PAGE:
How Many Calories Are You Really Burning?
5 Common Calorie Myths Busted
MYTH: Mile per mile, running and walking burn the same. Not even close. "Running is a more energetic activity, because you're jumping off the ground with each stride," says David Swain, PhD, a professor of exercise science and director of the Wellness Institute and Research Center at Old Dominion University in Norfolk, Virginia. Per mile, running burns about twice as many calories.
MYTH: You need to stay in the fat-blasting zone to slim down. "Women think low-intensity exercise burns the fat from their hips. That's not the case," says FITNESS advisory board member Annette Lang, a New York City?based private trainer and owner of Annette Lang Education Systems. "If you work out easy for 15 minutes and burn 100 calories, 75 percent may be from fat. If you work out really hard for 15 minutes and burn 200 calories, only 50 percent may be from fat, but you've burned more fat overall and twice as many calories."
MYTH: You can't trust those numbers on the treadmill. Years ago, the calorie-burn indicators on some popular gym machines were reported to be notoriously inaccurate. "These days, they do a pretty good job," says metabolism researcher Gary Hunter, PhD., of the University of Alabama at Birmingham, "especially if you program in your weight."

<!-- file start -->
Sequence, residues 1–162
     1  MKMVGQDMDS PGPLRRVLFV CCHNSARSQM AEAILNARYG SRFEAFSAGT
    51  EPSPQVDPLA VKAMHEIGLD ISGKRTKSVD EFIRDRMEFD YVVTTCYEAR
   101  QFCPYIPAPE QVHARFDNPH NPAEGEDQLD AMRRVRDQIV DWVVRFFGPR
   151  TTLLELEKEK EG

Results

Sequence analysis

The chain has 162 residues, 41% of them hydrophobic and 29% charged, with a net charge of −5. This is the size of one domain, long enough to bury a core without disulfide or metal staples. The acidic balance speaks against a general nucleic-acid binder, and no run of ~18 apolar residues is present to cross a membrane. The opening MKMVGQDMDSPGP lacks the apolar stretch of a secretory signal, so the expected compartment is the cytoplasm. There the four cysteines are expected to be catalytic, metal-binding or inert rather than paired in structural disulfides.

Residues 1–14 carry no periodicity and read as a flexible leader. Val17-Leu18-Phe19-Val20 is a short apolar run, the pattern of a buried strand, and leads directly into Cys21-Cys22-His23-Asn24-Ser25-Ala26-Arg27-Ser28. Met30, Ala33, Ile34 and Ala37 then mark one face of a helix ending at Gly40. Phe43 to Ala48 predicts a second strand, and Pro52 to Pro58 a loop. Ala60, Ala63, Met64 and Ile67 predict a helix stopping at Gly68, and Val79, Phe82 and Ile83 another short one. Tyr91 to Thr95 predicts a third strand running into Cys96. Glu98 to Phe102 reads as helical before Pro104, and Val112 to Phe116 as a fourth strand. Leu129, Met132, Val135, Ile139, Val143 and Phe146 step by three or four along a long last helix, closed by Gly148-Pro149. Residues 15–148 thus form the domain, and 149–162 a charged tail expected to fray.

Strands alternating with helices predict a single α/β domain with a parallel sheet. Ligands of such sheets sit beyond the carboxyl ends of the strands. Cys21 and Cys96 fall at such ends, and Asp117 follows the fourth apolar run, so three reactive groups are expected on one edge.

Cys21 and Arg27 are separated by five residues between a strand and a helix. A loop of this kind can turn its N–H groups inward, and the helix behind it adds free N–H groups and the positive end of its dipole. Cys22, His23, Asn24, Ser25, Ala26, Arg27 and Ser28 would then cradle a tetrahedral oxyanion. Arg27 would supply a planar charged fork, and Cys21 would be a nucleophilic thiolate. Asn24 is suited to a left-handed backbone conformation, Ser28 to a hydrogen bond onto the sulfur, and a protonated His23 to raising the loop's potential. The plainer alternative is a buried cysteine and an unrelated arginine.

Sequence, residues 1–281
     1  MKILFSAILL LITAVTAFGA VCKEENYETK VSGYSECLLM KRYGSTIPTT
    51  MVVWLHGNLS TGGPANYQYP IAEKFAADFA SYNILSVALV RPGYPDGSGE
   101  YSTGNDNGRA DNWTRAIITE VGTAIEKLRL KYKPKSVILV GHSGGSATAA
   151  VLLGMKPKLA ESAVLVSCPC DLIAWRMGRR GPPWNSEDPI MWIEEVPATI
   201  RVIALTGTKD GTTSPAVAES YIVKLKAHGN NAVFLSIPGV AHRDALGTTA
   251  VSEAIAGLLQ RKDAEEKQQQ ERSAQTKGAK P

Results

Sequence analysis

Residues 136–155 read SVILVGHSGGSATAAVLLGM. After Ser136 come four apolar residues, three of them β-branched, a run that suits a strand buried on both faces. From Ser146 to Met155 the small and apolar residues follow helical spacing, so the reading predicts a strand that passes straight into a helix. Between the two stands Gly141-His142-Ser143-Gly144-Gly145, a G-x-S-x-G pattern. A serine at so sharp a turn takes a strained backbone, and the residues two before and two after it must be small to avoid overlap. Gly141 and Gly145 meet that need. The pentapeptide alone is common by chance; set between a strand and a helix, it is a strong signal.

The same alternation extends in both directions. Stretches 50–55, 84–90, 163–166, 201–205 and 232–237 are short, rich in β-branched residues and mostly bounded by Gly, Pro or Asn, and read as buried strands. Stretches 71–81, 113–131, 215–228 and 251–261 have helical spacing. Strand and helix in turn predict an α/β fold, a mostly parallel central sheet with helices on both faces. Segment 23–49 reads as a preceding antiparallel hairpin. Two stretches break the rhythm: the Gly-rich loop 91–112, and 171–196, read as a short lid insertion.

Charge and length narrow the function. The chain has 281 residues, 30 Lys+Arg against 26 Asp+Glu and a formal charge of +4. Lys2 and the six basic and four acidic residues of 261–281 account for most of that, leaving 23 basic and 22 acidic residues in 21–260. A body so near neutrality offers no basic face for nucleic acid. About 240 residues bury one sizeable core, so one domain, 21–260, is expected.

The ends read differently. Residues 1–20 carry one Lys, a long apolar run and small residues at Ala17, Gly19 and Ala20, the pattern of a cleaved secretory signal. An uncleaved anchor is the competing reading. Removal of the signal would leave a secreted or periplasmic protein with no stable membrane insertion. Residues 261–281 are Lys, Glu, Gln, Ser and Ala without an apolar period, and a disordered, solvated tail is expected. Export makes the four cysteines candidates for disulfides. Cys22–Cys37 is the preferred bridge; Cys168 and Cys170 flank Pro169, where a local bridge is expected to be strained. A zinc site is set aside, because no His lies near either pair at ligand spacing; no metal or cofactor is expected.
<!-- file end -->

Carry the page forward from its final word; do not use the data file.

MYTH: You burn more in the cold. It's true that you incinerate calories when you're shivering. But once you warm up during your workout, you won't use more energy just because it's chilly outside.
MYTH: High-calorie-burning exercises are best. "For many women, what burns the most is the activity they can sustain for a long time, like power walking, hiking, or bicycling," says Ainsworth.
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